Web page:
Contents of this issue:

  • State is looking to contract out foster care

  • Corrections support service contractors testify to saving

  • Milan contracts for groundskeeping and wastewater management

  • Bay City holds off bridge contracting

  • Holly starts aggressive privatization program

  • Midland Public Schools moving on custodial and food service contracting

  • Ishpeming considering custodial contracting

  • Northville investigating support service contracting

  • Sparta looks to save with custodial privatization

  • Carrollton Schools considers contracting

  • Jackson Public Schools renews cleaning contract

  • Fenton proposing privatization

  • Morenci Area Schools privatizes substitutes



State is looking to contract out foster care

LANSING — The Senate Human Services Appropriations subcommittee has recommended that the Michigan Department of Human Services contract more of its foster care and juvenile justice services to private companies, according to the Associated Press. Proponents say that the move will save the state $36 million.

Department of Human Services officials contended that the state would have to extend its oversight of the private providers, which may end up costing the state more, according to Gongwer News Services.


Corrections support service contractors testify to savings

LANSING — In March, contractors testified before the Senate Judiciary Committee that outsourcing food services in the Department of Corrections to private entities could save the state millions of dollars, according to the Michigan Information & Research Service. Contractors also testified that contracting-out for some mental health services within the department could attain savings.

Corrections facilities across the state offer food services to inmates that are often run by private companies. Many jails also offer commissary services — additional snacks, toiletries and clothing that can be purchased by inmates — that are operated by an outside vendor.

One company, Canteen Services, provides services to 22 Michigan county jails already, according to MIRS. A company representative estimated that it could save the state $54.75 million if it provided services throughout the corrections department, MIRS reported.

The company representative also read a letter from Oakland County Sheriff Mike Bouchard, who stated that contracting at state prisons would save $40 million.

A representative of MHM Services testified that contracting for mental health services will save the state some money in prescription costs, and in outsourcing the litigation costs.

An MDI Healthcare representative testified that hiring a company to oversee billing costs could save roughly $27 million, MIRS reported.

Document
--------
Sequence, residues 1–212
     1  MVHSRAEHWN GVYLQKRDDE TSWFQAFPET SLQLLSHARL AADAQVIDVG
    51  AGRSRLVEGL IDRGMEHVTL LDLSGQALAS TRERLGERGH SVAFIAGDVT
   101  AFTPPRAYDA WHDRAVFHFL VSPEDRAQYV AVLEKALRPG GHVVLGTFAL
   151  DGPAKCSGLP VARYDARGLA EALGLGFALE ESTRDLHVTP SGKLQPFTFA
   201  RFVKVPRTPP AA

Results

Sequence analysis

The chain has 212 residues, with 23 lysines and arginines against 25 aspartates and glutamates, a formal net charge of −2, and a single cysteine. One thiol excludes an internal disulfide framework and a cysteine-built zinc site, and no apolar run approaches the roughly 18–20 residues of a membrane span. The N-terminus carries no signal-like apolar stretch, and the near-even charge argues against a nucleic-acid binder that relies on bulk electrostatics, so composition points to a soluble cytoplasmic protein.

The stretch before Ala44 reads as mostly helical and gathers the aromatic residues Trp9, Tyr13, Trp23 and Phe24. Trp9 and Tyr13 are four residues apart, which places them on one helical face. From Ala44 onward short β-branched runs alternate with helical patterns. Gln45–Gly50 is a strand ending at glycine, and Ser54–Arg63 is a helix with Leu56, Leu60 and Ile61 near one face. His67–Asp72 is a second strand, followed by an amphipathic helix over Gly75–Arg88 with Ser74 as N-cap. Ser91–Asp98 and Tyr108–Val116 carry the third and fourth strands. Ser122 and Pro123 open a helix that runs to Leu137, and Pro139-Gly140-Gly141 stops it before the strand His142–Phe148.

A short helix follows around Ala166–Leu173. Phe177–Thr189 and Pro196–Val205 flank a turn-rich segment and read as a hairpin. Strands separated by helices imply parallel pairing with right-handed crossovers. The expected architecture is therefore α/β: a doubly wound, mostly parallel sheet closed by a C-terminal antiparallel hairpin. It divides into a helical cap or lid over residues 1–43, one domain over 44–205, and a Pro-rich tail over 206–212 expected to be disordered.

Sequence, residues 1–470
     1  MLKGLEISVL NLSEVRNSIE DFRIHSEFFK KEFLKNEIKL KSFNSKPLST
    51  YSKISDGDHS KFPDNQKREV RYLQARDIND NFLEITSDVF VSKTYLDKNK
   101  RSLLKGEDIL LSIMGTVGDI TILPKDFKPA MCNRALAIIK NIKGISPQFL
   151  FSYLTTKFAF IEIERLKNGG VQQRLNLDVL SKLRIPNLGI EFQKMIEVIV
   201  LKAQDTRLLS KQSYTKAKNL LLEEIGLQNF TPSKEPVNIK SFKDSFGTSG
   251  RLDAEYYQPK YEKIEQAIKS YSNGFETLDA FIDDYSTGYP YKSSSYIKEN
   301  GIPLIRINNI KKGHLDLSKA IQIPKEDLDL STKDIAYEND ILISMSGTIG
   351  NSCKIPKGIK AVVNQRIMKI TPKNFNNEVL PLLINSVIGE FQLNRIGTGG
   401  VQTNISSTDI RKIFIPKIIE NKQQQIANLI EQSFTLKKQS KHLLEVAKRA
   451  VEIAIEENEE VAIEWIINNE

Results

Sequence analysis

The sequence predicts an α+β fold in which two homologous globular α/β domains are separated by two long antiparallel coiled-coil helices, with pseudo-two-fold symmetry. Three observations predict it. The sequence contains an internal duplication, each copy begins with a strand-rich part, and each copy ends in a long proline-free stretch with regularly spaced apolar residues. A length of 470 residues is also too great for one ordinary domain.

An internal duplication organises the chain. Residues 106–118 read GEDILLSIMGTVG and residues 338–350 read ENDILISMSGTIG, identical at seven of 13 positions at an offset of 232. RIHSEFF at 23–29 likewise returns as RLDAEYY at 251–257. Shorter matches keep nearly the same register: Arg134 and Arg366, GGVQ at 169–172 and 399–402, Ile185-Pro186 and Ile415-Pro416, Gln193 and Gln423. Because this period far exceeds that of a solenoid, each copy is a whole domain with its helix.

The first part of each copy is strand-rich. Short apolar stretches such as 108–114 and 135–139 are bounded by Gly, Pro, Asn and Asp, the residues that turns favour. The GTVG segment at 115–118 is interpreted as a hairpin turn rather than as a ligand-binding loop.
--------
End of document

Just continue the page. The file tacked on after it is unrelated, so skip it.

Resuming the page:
Milan contracts for groundskeeping and wastewater management

MILAN — Facing budget constraints, the Milan City Council looked to privatization for savings. The city contracted out for lawn maintenance and the operations of its wastewater plant. The moves are expected to save the city $500,000 annually, according to city administrator Dan Bishop.

In addition to the budget problems most cities are facing, the city faces additional problems. Milan had borrowed $13.6 million to expand its wastewater treatment infrastructure to cover the needs of four new housing developments. However, those developments did not produce as many houses as expected and the city did not have the additional revenue from tapping fees to cover the $932,000 bond payment due June 1.

To deal with its problems, the city has also cut subsidies for its Downtown Development Authority, its parks commission, and is looking at eliminating its transit department. It also issued an RFP to privatize its department of public works, but decided to keep that in house. "We do realize that we are dealing with people here, it’s not just all numbers," said Bishop.


Bay City holds off bridge contracting

BAY CITY — Bay City’s mayor vetoed a 5-4 city council vote to privatize bridge operations, according to The Bay City Times. The move would have saved the city, which is facing a $1.2 million deficit, $193,000 in the first year.

The city owns two drawbridges that are operated from March 15 to December 15 to coincide with the shipping season, according to The Times. The contract would have provided savings by laying off bridge operators between December and March, The Times reported. Those employees currently are given other jobs by the city during the off time.

The city is estimated to spend $1.2 million to operate the bridges, the bulk of which is in labor compensation. The private firm was planning on offering comparable wages and benefits, The Times reported.

Since the veto, city officials removed cable television connections to the bridge towers. The only city employees that had been provided taxpayer funded cable television were the bridge operators, The Times reported. "The city should not pay them $18 an hour to sit there and watch TV," city manager Robert Belleman told The Times.


Holly starts aggressive privatization program

HOLLY — Holly Area Schools is looking to privatization as part of its plan to close its projected $2.15 million deficit, according to the Tri-County Times.

Superintendent Kent Barnes gave budget recommendations that included outsourcing for food, custodial and counseling services that would save the district $715,000. The bulk of the savings — $625,000 — would come from janitorial services.

The district already has contracted out the management of its food services with Chartwells and is exploring extending the contract to include labor. If it proceeds, it will be one of only 21 districts in the state that contract for both food and custodial services.